11573 Jollyville Rd.
Austin, TX 78759
PO Box 202344
Austin, TX 78720
Real Estate Services to Buyers and Sellers Out of State Property Management Company Referrals Maintenance and Make Ready Services for our Owners and Referring Agents
Mike Ebert, REALTOR®, RMP®
Director of Property Management
512.794.8171 X 211
Yvonne Dougherty, CTA
Leasing and Management Coordinator
512.794.8171 X 220
Check Your Insurance: Events can happen - flood, extreme heat, earthquakes, fire, and more! It is important to check your insurance to obtain the best coverage possible and ensure that it is current.Review now with your insurance agent before a disaster/emergency occurs.
If an Emergency Occurs: Please be patient and avoid tying up critical phone lines and our time. Our first priority during any emergency is to handle the situation, taking any necessary measures for the safety of your property and your tenants. Then, we will contact you as soon as we are able.
ALPS IS ALWAYS WORKING TO MANAGE FOR YOUR SUCCESS!
In February, ALPS staff members attended the annual Texas Style Conference of the National Association of Residential Property Managers, NARPM, in Austin. This conference runs in conjunction with the Texas Association of Realtors conference. Staff attended required Ethics classes and took classes towards professional designations, and became informed about legal and legislative changes that could impact our clients and their properties.
Texas currently has the 10th largest economy of any nation in the world.
Austin claimed #1 top spot as best places to live, according to U.S. News & World Report.
Austin area’s population is expected to double in the next 10 years which should keep rents stable or increasing.
Austin was named one of the 10 best cities to raise a family.
Austin’s seasonally adjusted unemployment rate is 3.2% which basically means that anyone who wants a job can find one.
See Rick's blogs on the ALPS Facebook page>>
Ordinarily, property owners have the right to refuse animals while renting their property. However, specific circumstance exists when there is a dog, cat, or possibly another animal the law does not consider a “pet.” When a disabled person with an assistance animal applies to rent a property, a property owner cannot refuse to rent to the prospective tenant on the grounds of having an animal or “pet.” An assistance animal is definitely NOT a pet. This is law under Title II of the American Disabilities Act of 1990.
Proof of training (such as a training certificate)
Forgo “no pets” policy - under Federal, State, and local Fair Housing laws, individuals with disabilities may ask their housing provider to make reasonable accommodations in the property to allow for their use of a companion/assistive animal and remove any “no pets” policy.
Definition of a service animal - a service animal is one individually trained to do work or perform tasks for the benefit of a person with a disability. A service animal, such as a dog, can be any breed or size. It might wear specialized equipment such as a backpack, harness, special collar, or leash, but this is not a legal requirement. Service animals are not always limited to dogs.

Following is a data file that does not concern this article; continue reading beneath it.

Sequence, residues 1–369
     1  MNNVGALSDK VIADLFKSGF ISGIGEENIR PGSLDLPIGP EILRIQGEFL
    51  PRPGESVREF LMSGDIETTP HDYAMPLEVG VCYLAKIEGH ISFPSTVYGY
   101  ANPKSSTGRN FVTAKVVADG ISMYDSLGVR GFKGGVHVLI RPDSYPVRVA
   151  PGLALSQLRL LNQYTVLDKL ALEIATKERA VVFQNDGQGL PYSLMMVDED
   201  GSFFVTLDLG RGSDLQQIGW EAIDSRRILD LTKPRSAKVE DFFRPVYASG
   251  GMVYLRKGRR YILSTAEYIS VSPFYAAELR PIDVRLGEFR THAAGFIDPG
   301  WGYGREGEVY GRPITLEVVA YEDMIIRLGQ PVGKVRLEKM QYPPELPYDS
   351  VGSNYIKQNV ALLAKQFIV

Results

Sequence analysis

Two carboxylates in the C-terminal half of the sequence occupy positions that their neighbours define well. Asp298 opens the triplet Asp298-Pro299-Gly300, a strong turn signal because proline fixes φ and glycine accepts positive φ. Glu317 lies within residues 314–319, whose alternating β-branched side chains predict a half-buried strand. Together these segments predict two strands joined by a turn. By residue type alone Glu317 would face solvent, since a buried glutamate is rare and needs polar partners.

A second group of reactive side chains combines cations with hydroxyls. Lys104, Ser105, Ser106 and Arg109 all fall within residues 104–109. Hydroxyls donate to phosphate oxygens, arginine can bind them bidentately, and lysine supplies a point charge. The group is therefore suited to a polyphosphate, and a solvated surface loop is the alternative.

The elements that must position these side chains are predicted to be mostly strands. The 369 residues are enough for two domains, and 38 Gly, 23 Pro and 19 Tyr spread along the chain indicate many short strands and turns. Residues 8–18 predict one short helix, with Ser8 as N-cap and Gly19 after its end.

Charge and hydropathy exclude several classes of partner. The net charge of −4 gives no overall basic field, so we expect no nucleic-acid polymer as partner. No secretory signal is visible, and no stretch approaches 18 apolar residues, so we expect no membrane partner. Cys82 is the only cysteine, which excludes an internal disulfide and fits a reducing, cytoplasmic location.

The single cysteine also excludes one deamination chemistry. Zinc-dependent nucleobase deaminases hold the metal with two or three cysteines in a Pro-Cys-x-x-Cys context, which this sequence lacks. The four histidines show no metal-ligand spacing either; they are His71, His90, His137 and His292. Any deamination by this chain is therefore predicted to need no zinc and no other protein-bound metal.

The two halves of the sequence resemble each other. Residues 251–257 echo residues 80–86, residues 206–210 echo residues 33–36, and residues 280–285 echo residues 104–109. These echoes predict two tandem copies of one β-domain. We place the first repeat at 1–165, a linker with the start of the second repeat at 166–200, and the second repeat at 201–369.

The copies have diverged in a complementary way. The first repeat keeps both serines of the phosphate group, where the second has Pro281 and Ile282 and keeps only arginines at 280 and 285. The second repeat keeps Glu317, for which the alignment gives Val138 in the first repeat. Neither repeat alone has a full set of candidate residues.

Determining a true service animal - housing providers may ask an applicant or tenant to provide documentation from a qualified professional that the individual has a disability and requires a service animal as an accommodation.
What you cannot ask - housing providers may NOT ask an applicant or tenant to provide:
Any details about the applicant's/tenant's disability
Service Animal Training – generally, they train most service animals to assist the disabled person with individual needs relative to that person's disability. While some animals receive certification papers, others do not. It is legitimate for a person with a disability to train his/her own service animal. There is currently no national standard with which to evaluate the training or performance of any type of service animal, including guide dogs. You may not require the disabled tenant to provide proof of the service animal's training.
No additional Deposits - a service animal is not a pet and you cannot lawfully require any additional deposits. You also cannot retaliate by creating a higher deposit or higher rent than what you would require for other prospective applicants for the property.
Service Animal Damages – you can hold the tenant responsible for the actions of his/her animal for any damage to your property. Additionally, the tenant must comply with any of your established policies such as cleanliness and maintenance of the unit as well as leash requirements and noise guidelines. In most cases, assistance animals are usually well behaved.
Proper tenant screening - you cannot refuse to rent to a disabled tenant and their service animal, but as your property manager, but you can require them to process through the same application practices as other tenants. You do not have to accept an application with a poor rental record using your standard screening requirements.
Obviously, a service animal is a sensitive issue and as your property management company, we know the importance of following the law to avoid any legal issues. However, we will require them to meet our screening standards to protect your investment.